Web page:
Rachel Bousfield, Miliya Thyl, Orng Samol, Loet Rithea, Soeng Sona, Hor Put Chhat, Sar Poda, Cartin E. Moore, Kheng Chheng, Varun Kumar, Nicholas P. J. Day & Christopher M. Parry
Background: Blood cultures are used to confirm a diagnosis of enteric fever but reported sensitivities can be as low as 40%.
Aims: To determine the factors associated with a negative blood culture in Cambodian children with suspected enteric fever.
Methods: In a retrospective study of hospitalised Cambodian children given a discharge diagnosis of enteric fever, the following factors associated with a negative blood culture were analysed: age, blood culture volume, prior antibiotic therapy, duration of illness and disease severity.
Results: In 227 hospitalised Cambodian children with a discharge diagnosis of enteric fever, it was confirmed in 70% by a positive blood culture. There was no association between a negative blood culture and younger age, lower blood volumes for culture, prior antibiotic therapy, a late presentation or milder disease.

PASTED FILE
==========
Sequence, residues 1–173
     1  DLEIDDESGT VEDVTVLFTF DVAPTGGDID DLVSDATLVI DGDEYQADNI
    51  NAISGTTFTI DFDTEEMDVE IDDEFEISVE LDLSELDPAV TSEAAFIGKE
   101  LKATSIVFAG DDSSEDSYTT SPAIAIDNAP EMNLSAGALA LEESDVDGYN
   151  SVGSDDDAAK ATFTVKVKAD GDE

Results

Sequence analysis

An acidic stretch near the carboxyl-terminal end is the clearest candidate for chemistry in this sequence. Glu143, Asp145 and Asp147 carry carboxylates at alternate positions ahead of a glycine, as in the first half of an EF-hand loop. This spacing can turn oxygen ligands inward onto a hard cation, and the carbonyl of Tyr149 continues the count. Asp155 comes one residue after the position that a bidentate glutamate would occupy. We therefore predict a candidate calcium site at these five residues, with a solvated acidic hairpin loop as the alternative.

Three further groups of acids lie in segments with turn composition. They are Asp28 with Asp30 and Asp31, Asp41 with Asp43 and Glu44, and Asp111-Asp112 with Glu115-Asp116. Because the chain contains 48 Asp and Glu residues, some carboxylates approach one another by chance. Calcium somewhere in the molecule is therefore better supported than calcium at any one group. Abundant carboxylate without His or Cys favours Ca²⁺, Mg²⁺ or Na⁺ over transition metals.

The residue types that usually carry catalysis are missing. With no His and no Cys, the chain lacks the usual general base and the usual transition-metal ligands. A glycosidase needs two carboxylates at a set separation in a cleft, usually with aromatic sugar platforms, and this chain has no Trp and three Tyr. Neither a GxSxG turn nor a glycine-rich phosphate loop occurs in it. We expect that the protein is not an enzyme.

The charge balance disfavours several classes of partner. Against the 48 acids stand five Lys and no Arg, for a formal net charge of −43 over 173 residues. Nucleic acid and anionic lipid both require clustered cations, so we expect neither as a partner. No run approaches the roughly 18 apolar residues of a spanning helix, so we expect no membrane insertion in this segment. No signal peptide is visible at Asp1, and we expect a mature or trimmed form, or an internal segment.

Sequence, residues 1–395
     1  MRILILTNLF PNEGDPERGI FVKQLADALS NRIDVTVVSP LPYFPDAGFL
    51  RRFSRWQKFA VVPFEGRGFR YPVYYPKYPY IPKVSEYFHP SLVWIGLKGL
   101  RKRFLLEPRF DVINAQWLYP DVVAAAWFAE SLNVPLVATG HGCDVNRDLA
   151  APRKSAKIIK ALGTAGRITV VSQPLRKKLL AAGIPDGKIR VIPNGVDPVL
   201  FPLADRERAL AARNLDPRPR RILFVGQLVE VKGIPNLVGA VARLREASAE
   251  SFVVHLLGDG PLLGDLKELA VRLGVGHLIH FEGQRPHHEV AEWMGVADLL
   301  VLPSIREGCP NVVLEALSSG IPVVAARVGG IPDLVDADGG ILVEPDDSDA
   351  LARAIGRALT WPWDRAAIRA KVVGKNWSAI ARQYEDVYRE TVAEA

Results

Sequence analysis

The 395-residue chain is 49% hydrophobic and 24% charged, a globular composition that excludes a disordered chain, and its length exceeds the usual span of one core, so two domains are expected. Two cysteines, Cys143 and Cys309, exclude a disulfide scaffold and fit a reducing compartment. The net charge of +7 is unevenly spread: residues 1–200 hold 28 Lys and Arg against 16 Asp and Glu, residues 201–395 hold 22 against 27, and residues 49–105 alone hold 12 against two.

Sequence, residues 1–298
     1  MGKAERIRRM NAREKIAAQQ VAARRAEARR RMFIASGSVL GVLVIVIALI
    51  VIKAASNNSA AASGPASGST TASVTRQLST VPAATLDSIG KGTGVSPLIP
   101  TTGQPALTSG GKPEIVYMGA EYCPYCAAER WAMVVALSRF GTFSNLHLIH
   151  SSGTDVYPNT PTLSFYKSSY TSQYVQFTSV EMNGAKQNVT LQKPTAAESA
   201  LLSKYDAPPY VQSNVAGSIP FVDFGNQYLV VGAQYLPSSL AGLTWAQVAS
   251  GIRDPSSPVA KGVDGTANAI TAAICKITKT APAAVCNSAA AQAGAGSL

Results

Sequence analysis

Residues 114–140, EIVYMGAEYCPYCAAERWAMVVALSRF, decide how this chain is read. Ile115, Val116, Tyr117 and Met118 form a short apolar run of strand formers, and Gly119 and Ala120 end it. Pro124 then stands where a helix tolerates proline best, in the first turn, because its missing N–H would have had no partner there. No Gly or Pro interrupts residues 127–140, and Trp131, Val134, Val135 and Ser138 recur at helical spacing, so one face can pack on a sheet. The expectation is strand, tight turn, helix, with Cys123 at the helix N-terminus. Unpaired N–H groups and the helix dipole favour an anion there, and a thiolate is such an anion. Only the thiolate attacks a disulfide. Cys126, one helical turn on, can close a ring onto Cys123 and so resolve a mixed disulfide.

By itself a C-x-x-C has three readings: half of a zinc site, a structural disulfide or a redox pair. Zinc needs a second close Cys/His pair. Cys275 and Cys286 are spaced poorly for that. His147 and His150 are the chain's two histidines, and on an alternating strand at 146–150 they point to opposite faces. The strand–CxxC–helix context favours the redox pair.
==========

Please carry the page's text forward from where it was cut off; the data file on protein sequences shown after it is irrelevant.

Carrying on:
Conclusions: Although blood culture sensitivity was higher than expected, alternative simple, rapid and sensitive tests are needed for diagnosing enteric fever.
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